The Navy regularly conducts studies of marine mammal distribution and occurrence in association with training exercises to better monitor potential interactions between marine mammals and naval activities. Methods used for these studies include visual surveys and acoustic monitoring via passive acoustic recorders; however, these methods have significant drawbacks. Visual surveys from ships and airplanes are expensive, and they cannot be conducted during nighttime or periods of high winds, rough seas, or poor visibility. Although passive acoustic recorders have large detection ranges and can be used to persistently detect vocalizing marine mammals regardless of weather conditions, recordings can be accessed only after recovery of the recording instrument. In addition, acoustic analysis by a trained person is time consuming and expensive.
Recent advances in low-power digital signal processors, detection algorithms, and satellite communications have made near real-time (within hours of sound detection) audio processing, sound detection, classification, and reporting from autonomous platforms feasible. This project will demonstrate a passive acoustic detection and classification hardware/software system that is capable of detecting the calls of four species of endangered baleen whales—fin (Balaenoptera physalus), humpback (Megaptera novaeangliae), sei (Balaenoptera borealis), and right (Eubalaena glacialis)—from three different autonomous platforms (Slocum gliders, wave gliders, moored buoys). In particular, the project seeks to: (1) demonstrate year-round, large-scale near real-time acoustic surveillance from these autonomous platforms; (2) validate near real-time acoustic detections using audio recorded in situ and airplane-, ship-, and land-based visual observations; and (3) develop best practices for integrating near real-time acoustic detections from autonomous platforms into persistent visual monitoring programs such as the current National Oceanic and Atmospheric Administration and Navy marine mammal aerial survey programs off the U.S. east coast.
The enabling technology for this project is the digital acoustic monitoring (DMON) instrument/low-frequency detection and classification system (LFDCS), a combined hardware (DMON) and software (LFDCS) system capable of detecting and reporting a wide variety of low-frequency vocalizations in near real time. The DMON collects, conditions, processes, and records audio from up to three attached hydrophones. Because it is programmable, applications can be developed to detect, classify, and report sounds from the collected audio in near real time. The LFDCS is software that detects and describes sounds using pitch tracking, and it classifies those sounds using quadratic discriminant function analysis. The LFDCS has been converted recently into a DMON application, and the DMON/LFDCS has been integrated with several autonomous platforms. Although other available systems focus primarily on a single call type produced by a single species, often from a single location, the DMON/LFDCS is capable of reporting detection information on a wide variety of calls produced by several species from both mobile and stationary autonomous platforms. This project will demonstrate and validate this technology in the Gulf of Maine, a region of high baleen whale abundance.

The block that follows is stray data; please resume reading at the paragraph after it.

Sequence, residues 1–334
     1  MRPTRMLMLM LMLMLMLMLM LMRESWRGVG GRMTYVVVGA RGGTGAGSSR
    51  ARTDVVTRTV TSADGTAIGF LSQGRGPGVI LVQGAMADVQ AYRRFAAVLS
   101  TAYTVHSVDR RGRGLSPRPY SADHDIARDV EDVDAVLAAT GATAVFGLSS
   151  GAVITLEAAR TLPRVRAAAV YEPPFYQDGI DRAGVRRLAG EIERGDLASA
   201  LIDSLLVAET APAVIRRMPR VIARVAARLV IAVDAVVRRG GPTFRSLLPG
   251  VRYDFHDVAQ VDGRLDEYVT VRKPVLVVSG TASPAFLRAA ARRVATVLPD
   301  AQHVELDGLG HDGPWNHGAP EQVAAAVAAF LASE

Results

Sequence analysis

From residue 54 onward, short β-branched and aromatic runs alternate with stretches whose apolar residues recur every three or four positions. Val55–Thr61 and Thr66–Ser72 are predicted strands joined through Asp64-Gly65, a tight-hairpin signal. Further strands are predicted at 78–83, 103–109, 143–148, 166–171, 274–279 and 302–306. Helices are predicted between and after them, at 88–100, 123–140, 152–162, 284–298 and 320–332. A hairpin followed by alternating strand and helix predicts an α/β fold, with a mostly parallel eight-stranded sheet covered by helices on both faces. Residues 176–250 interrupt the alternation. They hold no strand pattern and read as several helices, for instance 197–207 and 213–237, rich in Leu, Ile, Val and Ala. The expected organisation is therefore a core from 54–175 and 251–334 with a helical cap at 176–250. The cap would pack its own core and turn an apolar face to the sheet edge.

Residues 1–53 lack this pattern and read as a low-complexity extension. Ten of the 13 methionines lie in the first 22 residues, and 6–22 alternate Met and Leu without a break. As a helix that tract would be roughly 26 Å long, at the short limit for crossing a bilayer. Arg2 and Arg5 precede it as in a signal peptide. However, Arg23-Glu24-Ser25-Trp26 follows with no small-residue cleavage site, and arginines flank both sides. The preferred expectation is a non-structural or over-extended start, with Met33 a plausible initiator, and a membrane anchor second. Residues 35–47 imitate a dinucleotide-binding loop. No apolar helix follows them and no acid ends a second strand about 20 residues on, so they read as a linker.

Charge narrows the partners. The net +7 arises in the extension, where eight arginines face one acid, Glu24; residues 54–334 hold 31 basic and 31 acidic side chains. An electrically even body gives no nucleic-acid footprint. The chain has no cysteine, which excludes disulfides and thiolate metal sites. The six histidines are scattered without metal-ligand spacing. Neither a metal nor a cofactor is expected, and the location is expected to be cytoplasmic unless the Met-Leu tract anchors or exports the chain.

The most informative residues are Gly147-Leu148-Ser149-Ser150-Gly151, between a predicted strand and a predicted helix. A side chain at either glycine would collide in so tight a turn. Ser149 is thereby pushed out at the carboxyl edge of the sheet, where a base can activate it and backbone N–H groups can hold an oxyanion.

This project will provide flexible tools for reducing analytical effort over the long term and improving the efficiency of existing monitoring technologies (e.g., visual surveys). It is expected that the Navy will be able to significantly enhance its monitoring efforts using near real-time detection information to identify areas of persistent marine mammal occurrence and to direct airplane- or ship-based surveys to regions that require additional visual surveillance. (Anticipated Project Completion - 2017)